existence is not a secret. If the Walsh administration expects people to put aside their
privacy concerns to make the city more secure, it should lay out a clear rationale for the
use of situational awareness software and an acknowledgment that public testing will be
part of the price for greater security.

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Boston Globe articles (7/26/201411/15/2014) 49
Russia rebukes Tsarnaev lawyers: Tells US they falsely claimed to be with FBI
Boston Globe - Boston, Mass.
Subjects:

Trials; Juries; Attorneys; Interviews

Author:

Andersen, Travis; Valencia, Milton J

Date:

Sep 13, 2014

Start Page: B.1


Section:

Metro

Document Text
Russian authorities have notified the US government that three members of accused
Boston Marathon bomber Dzhokhar Tsarnaev's defense team falsely identified
themselves as FBI employees when they traveled to that country to investigate the case,
prosecutors said Friday.
The allegation was made in a legal filing in US District Court in Boston, where Tsarnaev,
21, faces a possible death penalty for his alleged role in the April 15, 2013, bombings,
which killed three people and wounded more than 260.
"While conducting interviews in Russia, the members of the defense team reportedly
refused to produce documents confirming their legal status and identified themselves as
employees of the FBI," prosecutors wrote. "As a result, the Russian government . . .
expelled them."
Miriam Conrad, one of Tsarnaev's lawyers, declined to address the allegations in detail
during a brief phone interview on Friday. "We don't agree with the government's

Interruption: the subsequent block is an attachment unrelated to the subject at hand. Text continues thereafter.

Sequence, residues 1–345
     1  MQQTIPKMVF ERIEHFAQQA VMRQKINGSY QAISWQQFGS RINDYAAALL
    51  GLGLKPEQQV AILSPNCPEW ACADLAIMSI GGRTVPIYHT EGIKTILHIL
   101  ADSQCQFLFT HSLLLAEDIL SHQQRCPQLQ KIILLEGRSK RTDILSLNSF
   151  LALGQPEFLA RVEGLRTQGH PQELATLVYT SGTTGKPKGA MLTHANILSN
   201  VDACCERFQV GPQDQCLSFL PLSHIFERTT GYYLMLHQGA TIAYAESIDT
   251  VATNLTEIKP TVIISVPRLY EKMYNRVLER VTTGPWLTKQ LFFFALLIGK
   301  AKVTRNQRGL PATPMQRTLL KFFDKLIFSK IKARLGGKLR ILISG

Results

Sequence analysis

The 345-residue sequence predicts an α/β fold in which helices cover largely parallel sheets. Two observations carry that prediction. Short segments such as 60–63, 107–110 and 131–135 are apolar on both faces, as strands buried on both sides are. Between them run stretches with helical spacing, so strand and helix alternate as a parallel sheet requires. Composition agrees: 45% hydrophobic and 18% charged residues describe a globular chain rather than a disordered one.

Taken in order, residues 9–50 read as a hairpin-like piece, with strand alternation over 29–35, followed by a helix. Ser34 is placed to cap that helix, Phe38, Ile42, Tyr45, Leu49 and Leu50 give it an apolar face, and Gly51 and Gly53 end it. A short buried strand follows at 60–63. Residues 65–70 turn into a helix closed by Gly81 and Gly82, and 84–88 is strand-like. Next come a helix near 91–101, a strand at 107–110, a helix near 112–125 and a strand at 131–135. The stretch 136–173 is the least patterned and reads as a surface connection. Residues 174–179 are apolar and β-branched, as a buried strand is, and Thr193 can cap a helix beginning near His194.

characterization of what happened," she said. "And we'll be responding further at an
appropriate time, in writing or in court."
Russian authorities also said that Tsarnaev's defense team members told officials that the
purpose of their recent visit was tourism.
The filing did not identify the members of the defense team or when the visit to Russia
occurred, and an FBI spokesman referred questions to the office of US Attorney Carmen
M. Ortiz. A spokeswoman for Ortiz had no comment.
No one answered the phone at the Russian Embassy in Washington, D.C., on Friday
evening.

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Boston Globe articles (7/26/201411/15/2014) 49
Prosecutors mentioned the trip to Russia in a filing in which they opposed a pending
defense request to delay the start of Tsarnaev's trial to Sept. 1, 2015, at the earliest. The
trial is currently slated to begin in November of this year.
Prosecutors and defense lawyers are scheduled to return to court for a status conference
on the case on Thursday.
The parents of Dzhokhar and Tamerlan Tsarnaev live in Russia, and Tamerlan, the elder
brother, spent six months in the country in 2012. Russian intelligence had alerted US
authorities to Tamerlan's alleged attempts to contact Islamic militants there.
Tamerlan, who was also suspected of being involved in the Marathon bombings, was
killed in a confrontation just days after the Marathon attack.
Separately on Friday, lawyers and prosecutors agreed on plans for the jury selection
process in the trial.
Both sides have agreed that the court should seat 12 jurors and six alternates, and that
2,000 potential jurors should be summoned beginning six weeks in advance of the trial.
In court papers, the lawyers also agreed:
PAt one point before the trial, both sides will agree on a questionnaire that the jurors
would have to fill out so their backgrounds can be screened. If both sides cannot agree,
the judge will finalize the questionnaire.
PAt least three business days before jury selection begins, the court will furnish the